Notes on "Wicked Problems in Design Thinking" by Richard Buchanan

The concept of capital-D Design is amorphous and continues to expand in scope, from specialized trades (Graphic Design, Industrial Design), to a generalized “liberal art of technological culture” (page 5).

The author describes this strange journey from silos of specialization to a generalized approach of research in the 20th century.

To quote John Dewey (The Quest for Certainty) :

The key takeaway from the Dewey’s block quotes seems to suggest that Science, art, and technology’s interactions in the 20th century transformed from a method for gaining knowledge through proscribed process, to one of gradual expansion of knowledge through incremental, evolutionary precision. This is achieved by planned set of linear operations. But what remains poorly understood is the relationships between art, technology, and science as a set of specialized knowledge. Science is a product of a process, and is easily mistaken for truth, rather than the outcome of process.

There is too much reverence for this process, and when this “recipe” is applied to technology, we run the hazard of advancing (through technology) inferior solutions to human problems (e.g., making a better mousetrap is given precedent over improving our understanding of rodents and what attracts them). Dewey describes this “circular relationship (page 7) between arts of production and science.”

“Instead of meaning knowledge of how to make and use artifacts or the artifacts themselves, technology for Dewey is an art of experimental thinking” The author suggestions (page 8) that technology can be produced through science, but that art (liberal art context), “lies behind and provides the basis for creating other types of products.”

Observations:

From last week’s reading, the author described Edison’s experimentation through iteration is slow and sloppy. It does not follow the same set of steps typically found in the scientific method. But it is another approach to development of technology.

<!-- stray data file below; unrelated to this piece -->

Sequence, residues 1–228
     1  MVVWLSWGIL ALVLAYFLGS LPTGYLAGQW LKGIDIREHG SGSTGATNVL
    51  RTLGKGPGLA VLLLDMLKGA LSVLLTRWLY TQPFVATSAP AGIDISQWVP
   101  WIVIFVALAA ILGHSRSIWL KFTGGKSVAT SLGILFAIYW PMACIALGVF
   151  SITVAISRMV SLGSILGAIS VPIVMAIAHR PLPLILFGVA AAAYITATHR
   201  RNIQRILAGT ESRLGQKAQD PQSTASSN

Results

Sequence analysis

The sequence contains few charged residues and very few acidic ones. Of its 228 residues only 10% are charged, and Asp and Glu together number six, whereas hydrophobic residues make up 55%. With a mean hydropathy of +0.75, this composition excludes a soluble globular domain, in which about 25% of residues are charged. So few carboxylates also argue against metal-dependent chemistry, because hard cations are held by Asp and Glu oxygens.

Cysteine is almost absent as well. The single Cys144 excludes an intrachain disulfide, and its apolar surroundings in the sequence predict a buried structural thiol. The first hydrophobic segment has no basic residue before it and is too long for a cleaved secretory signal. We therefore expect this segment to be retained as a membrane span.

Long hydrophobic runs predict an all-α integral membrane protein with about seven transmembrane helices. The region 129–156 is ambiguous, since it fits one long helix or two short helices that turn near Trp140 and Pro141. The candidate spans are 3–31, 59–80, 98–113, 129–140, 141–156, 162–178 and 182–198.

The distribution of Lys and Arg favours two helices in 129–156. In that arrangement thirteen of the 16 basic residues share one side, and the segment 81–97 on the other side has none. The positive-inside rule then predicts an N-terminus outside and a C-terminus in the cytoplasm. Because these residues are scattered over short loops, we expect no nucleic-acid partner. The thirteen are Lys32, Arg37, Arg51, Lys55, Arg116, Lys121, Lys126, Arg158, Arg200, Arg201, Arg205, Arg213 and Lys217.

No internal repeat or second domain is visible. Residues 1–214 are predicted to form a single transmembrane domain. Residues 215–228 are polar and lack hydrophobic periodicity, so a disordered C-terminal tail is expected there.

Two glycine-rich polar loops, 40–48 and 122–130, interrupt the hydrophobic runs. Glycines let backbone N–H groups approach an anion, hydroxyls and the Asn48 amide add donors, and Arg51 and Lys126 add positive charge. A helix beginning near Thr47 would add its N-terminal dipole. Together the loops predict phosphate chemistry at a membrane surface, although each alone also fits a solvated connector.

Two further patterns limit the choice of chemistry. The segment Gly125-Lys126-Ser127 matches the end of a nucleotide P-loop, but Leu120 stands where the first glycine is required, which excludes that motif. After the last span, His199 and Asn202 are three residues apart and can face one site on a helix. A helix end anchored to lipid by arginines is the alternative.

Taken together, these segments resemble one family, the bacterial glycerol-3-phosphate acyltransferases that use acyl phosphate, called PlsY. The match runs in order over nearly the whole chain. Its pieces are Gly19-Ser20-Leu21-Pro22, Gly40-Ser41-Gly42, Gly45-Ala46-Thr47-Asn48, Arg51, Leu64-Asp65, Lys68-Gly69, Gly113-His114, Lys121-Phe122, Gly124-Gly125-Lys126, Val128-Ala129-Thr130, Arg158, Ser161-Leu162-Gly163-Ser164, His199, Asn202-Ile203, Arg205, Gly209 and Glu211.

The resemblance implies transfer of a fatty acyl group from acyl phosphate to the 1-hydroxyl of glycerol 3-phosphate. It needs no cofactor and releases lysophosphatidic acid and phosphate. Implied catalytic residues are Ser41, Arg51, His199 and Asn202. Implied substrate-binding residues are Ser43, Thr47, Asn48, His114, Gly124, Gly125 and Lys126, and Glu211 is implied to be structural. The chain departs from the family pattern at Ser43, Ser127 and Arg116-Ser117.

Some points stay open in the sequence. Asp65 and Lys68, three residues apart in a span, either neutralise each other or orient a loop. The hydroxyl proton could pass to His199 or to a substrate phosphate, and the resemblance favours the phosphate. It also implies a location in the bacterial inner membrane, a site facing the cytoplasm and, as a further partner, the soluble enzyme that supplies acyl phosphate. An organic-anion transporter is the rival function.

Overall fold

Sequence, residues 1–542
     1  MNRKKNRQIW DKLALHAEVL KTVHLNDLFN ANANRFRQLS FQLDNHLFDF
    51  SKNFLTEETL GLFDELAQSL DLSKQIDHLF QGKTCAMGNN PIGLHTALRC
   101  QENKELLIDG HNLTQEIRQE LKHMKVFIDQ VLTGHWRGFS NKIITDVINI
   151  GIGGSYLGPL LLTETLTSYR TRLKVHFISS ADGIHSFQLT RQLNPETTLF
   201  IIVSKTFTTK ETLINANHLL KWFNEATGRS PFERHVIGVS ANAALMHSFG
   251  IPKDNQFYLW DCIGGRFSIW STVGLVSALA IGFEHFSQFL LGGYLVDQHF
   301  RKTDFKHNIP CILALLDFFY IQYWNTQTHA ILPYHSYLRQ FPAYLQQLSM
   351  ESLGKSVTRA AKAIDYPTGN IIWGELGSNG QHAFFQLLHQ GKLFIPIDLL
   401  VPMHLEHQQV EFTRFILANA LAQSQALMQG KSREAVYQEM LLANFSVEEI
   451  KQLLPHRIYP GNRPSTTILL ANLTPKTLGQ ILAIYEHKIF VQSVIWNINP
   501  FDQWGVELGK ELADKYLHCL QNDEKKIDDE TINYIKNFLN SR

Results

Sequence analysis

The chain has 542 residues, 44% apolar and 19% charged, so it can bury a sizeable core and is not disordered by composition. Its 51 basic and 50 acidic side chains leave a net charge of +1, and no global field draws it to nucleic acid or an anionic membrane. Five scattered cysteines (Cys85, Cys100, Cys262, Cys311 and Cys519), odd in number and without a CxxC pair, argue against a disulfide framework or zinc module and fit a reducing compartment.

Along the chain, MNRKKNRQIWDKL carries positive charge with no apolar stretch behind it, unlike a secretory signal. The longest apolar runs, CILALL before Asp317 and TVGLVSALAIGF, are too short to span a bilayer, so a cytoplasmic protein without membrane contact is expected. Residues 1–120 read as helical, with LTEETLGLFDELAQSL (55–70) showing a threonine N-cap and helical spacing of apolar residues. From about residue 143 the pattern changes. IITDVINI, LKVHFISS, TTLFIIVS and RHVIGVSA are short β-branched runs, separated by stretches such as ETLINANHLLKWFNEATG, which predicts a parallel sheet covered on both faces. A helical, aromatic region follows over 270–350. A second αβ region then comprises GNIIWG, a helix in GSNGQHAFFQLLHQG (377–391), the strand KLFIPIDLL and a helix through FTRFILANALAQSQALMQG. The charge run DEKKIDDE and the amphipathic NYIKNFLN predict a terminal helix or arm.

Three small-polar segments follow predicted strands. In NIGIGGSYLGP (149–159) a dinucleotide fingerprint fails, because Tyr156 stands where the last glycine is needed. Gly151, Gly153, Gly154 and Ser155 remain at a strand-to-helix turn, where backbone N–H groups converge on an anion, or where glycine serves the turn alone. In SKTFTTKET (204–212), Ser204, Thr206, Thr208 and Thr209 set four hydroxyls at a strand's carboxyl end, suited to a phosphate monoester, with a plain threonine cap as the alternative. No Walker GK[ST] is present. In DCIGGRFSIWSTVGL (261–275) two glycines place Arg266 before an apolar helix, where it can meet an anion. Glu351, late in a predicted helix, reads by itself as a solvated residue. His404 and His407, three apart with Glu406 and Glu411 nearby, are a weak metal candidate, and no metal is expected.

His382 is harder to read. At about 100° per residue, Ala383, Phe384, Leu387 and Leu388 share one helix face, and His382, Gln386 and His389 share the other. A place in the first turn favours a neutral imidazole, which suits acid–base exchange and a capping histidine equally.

In the syllabus, Jonathan Chapman described design as, “the process of turning existing situations into preferred ones.” This is a quote by Herbert Simon. Herbert Simon is mentioned (On page 9), and his text is quoted from The Science of the Artificial.

The proper study of mankind is the science of design, not only as the professional component of a technical education but as a core discipline for every liberally educated man.”

Design as a multidisciplinary practice can be categorized in four different ways (page 9):

  • Symbolic and visual communication (graphic design)

  • Material objects (product/industrial design)

  • Activities and organized services (Interaction Design/UX)

  • Complex systems or environments for living, working, playing (urban/city planning, architecture, sustainability, etc.)

The author then explains how these discrete categories could not remain compartmentalized, and quickly expanded, overlapped, and evolved into other fields (architecture is a good example).

The author suggests that this pattern grew beyond categories, and into a set of placements.

Placements are constrained, but can exist within different circumstances (contexts).

Categories lock the ways we think about problems, and limit us to thinking in those older (and possibly outdated) paradigms. Placement allows for novel approaches to existing problems, outside of their original contexts.

The author assert (on page 13), that placements are primary, and categories are secondary. Scientists and designers often struggle to communicate within a meaningful framework, because designers rarely work within the boundaries of any one discipline - scientists are typically specialized to specific fields (page 14).

From page 15: it is tempting to divide design thinking into two steps: problem definition, problem solution. This suggests a linear process (which is clearly not true). The author also makes their first mention of “wicked problems.” And on page 16 the author suggests that designers often are confronted with “wicked problems” because design is a universal field, related to all human experience.




Why putting on the brakes is not enough

Pittsburgh Public.jpeg

Jack Dorsey, CEO of Twitter, knows his platform allows for bad craziness to spread like cancer, but fuck it! He’s still getting rich. Who cares if his platform amplified the worst voices in this country, and did so at the shared expense of everyone else? Right? Anyone who still works for Twitter should seriously reconsider what they are doing with their lives. Imagine getting paid to provide Nazis a global megaphone. How do you sleep at night, @Jack?